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Where science meets sci-fi

Every now and then something comes along that just makes your jaw drop with its sheer brilliance and monumental implications. When that happens in science, it usually feels like you are dropping into a science fiction story, and that’s exactly the feeling I got when I listened to Dr. Deisseroth’s talk at one of Stanford’s neuroscience symposiums. It might be old news to many and I did actually already know a bit about the subject, but hearing about this new technology straight from the guy who made it happen and hearing about the directions it’s going in really made me excited.

Oh, whats this new miracle technology? Optogenics. Its gonna be huge. Trust me.

Optogenetics is seriously one of the biggest baddest research tools to hit neuroscience research EVER. The implications reach much farther than another new imaging technique (eg like EEG, MRI) and are more along the lines of something like the voltage clamp in the early days of single-cell recording.

Basically what you can do with optogenetics is selectively genetically modify a subset of neurons by causing them to express protein channels that open/close in response to certain frequencies of light. To a layperson this might not sound impressive until you know that opening these channels is how a neuron actually fires. So- stated another way- you SHINE LIGHT ON A NEURON AND IT TURNS ON. And this works IN VIVO. In MAMMALS. All you have to do is wire up some fiber optic cables into the skull. By being strategic in which types of neurons we genetically modify, we can therefore choose to activate specific neural networks with specific goals in mind.


This is where things start getting unreal. Since the technology first broke through here at Stanford in 2005, the practical applications have been rolling out. For example, by deactivating reward centers of the brain when when mice are exposed to cocaine, they SHOW NO COCAINE PREFERENCE TO WATER! Normally, mice will eschew absolutely anything in favor of cocaine- including food and water. But with a little light shining on the area (and the correct previous genetic modification) the mice are essentially temporarily cured of cocaine dependence!

Of course thats over-simplifying things. For example, we are probably actually eliminating the mouse’s desire to experience reward to ANY stimulus at all, so its not exactly a palatable cure. But its fun to picture a future using this technology. What if cocaine addicts could volunteer to have fiber optic cables hooked into their skull, and just pressed a button whenever they encountered cocaine. The effects are extremely transient- so maybe they could experience pleasure normally until they really really need to be impervious to temptation. Could we do the same for nicotine addicts?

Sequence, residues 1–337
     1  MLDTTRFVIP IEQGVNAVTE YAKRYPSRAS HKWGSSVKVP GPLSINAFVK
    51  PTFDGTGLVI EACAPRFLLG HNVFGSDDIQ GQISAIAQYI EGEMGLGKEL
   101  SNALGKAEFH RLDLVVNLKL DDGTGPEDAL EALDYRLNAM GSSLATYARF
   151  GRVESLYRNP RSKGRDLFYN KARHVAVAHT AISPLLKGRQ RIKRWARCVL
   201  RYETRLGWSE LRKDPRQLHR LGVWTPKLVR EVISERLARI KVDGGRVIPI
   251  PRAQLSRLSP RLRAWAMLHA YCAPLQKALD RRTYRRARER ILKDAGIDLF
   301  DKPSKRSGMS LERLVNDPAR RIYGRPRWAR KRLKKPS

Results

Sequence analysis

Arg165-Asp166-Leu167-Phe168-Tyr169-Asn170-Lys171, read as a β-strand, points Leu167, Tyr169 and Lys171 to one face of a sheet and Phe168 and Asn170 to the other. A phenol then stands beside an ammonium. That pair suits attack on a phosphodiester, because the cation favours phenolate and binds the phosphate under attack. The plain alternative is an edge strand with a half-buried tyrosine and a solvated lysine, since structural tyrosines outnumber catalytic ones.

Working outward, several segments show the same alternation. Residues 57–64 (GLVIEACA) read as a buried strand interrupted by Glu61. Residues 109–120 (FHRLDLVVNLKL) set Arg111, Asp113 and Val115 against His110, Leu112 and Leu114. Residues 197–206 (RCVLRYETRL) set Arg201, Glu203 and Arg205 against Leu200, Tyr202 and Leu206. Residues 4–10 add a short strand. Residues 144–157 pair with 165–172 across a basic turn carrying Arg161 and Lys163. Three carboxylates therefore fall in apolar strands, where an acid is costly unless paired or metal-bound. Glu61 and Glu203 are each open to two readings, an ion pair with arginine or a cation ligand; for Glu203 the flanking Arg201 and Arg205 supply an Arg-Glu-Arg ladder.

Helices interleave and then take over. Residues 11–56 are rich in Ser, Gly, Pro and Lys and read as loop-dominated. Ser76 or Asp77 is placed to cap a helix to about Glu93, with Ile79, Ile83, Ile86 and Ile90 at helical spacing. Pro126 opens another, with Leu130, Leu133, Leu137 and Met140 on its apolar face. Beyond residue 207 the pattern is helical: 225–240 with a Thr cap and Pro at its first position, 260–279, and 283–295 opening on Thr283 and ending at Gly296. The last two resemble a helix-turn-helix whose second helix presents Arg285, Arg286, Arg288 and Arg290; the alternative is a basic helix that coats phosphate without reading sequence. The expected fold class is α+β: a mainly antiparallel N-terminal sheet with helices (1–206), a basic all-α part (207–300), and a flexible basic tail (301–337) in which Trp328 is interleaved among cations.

This is really only the tip of the iceberg. Researchers have used optogenetic paradigms to make mice STOP in their tracks or move in endless circles, as well as to instantly turn the normally timid creatures into much bolder versions of themselves. both of these particular examples can be particularly scary if applied to humans. a coworker at the same talk painted a rather perplexing scenario as we were walking back. imagine a dystopian future in which a government vaccinations of all children include a dose of a harmless virus that primes our brains for such light treatment. Deisseroth hinted that technology for achieving optic stimulation trans-cranially is not too far in the future… what if a police officer had merely to point a laser at someone’s head to have them literally freeze in place?

Deisseroth was asked in the Q&A about human applications, but he claimed that his group was excited enough about its current use in animal research that it wasn’t thinking ahead to any form of clinical research or trial. He totally smirked when he was saying it though. A sort of- this is what my lawyer thinks I should say so nobody gets scared- kinda look. Either way- the future is super bright in this area (pun unintended!). It has already won the “method of the year” award for 2010 and I would bet 100 bucks there’s a Nobel Prize in the future for Deisseroth (which is incredible because he is so young!) Its awesome that the origin and hub of this research is here at Stanford. Its definitely something I’d like to look more into- I could see myself going into graduate school to work on this.